Labour Rules Out New Wealth Tax If It Wins Election

Shadow chancellor Rachel Reeves also says a Labour government would not raise the top rate of income tax.
Ian Forsyth via Getty Images

Labour has ruled out introducing a so-called wealth tax if it wins the next general election, after a study showed it could rase £10bn.

Rachel Reeves, the shadow chancellor, has also said a Labour government would not increase the top rate of income tax.

Wealth taxes target someone’s net worth not just their income and are used in other countries including France, Spain, Norway and Switzerland.

Many on the left of Labour have pressed Keir Starmer to use wealth taxes to raise money from the super-rich.

A report from the TUC earlier this month said a “modest” wealth tax on the richest 140,000 individuals – around 0.3% of the population – could deliver a £10.4bn boost for the public purse.

But in an interview with The Telegraph, Reeves said “no” to any new wealth tax.

“I don’t have any spending plans that require us to raise £12 billion. So I don’t need a wealth tax or any of those things,” she said. “We have no plans for a wealth tax.”

Reeves also said the party had ditched Starmer’s 2020 Labour leadership pledge to increase the top rate of income tax.

“Yeah. The tax burden is its highest in 60, maybe even 70, years. There have been 24 tax rises in the 13 years of Conservative government,” she said when asked if the promise was dead.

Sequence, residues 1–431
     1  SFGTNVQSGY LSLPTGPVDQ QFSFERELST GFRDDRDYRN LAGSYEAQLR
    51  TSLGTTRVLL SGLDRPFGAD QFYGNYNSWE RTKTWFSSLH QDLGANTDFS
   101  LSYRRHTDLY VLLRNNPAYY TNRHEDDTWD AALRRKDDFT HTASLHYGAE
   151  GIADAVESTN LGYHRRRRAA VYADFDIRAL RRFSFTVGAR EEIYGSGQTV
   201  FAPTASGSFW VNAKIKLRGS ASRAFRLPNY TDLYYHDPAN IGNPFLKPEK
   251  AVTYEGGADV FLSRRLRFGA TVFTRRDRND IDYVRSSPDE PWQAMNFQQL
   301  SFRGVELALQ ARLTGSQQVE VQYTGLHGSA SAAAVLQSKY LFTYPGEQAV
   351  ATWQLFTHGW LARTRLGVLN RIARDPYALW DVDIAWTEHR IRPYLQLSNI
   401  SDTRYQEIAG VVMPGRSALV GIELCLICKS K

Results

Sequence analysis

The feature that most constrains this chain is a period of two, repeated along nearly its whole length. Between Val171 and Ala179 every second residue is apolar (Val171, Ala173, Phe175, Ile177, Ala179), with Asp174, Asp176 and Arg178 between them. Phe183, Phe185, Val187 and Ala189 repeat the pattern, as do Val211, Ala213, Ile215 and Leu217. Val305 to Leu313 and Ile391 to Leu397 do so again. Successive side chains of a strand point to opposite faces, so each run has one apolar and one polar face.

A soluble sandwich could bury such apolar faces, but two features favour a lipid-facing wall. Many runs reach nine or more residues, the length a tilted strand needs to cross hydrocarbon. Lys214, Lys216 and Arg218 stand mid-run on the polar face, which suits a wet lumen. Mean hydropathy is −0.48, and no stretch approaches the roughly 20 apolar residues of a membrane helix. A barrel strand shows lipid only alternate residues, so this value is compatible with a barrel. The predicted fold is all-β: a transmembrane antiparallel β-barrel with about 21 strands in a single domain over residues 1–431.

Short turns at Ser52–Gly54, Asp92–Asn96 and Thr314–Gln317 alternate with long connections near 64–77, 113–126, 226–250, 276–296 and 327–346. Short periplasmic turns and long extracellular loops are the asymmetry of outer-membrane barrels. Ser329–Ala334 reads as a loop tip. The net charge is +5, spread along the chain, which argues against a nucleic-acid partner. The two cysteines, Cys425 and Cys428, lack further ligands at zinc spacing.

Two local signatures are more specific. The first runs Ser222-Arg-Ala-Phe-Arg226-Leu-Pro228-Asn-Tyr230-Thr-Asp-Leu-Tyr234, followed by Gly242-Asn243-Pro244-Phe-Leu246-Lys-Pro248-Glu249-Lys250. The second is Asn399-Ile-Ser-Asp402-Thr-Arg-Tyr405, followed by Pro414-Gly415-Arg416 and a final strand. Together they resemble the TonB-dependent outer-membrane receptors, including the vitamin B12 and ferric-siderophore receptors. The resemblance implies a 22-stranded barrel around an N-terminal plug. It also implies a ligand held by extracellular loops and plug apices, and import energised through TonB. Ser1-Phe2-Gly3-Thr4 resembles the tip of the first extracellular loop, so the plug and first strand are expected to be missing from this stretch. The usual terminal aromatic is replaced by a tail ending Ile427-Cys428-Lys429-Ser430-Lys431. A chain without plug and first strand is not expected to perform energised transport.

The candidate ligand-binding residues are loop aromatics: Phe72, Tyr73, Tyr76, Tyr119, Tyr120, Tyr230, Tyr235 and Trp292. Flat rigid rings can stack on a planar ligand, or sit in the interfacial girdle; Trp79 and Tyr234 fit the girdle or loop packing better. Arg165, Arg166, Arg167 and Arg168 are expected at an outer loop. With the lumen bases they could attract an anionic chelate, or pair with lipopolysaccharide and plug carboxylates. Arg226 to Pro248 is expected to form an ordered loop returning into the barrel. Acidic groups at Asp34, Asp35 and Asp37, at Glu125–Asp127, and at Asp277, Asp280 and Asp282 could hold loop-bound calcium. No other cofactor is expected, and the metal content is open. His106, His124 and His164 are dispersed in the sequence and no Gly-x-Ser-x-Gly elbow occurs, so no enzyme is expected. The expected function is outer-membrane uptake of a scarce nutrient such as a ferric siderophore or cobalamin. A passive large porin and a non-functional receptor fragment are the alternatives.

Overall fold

“I don’t see a route towards having more money for public services that is through taxing our way there.”

The first of Starmer’s ten pledges to Labour members when running to succeed Jeremy Corbyn was to “increase income tax for the top 5% of earners”.

At the moment earnings over £125,140 are taxed at 45%. Liz Truss had tried to lower it, but was forced to abandon the plan after her mini-Budget caused chaos in the markets.

Anneliese Dodds, the chair of the Labour Party, defended the decision to rule out wealth taxes.

“Labour has been clear that we will not impose a wealth tax,” she told Times Radio on Sunday. “That’s been our policy for some time.

“But we will take difficult choices around taxation because we do think we need to have a tax system that’s fair for working people and that supports economic growth.”


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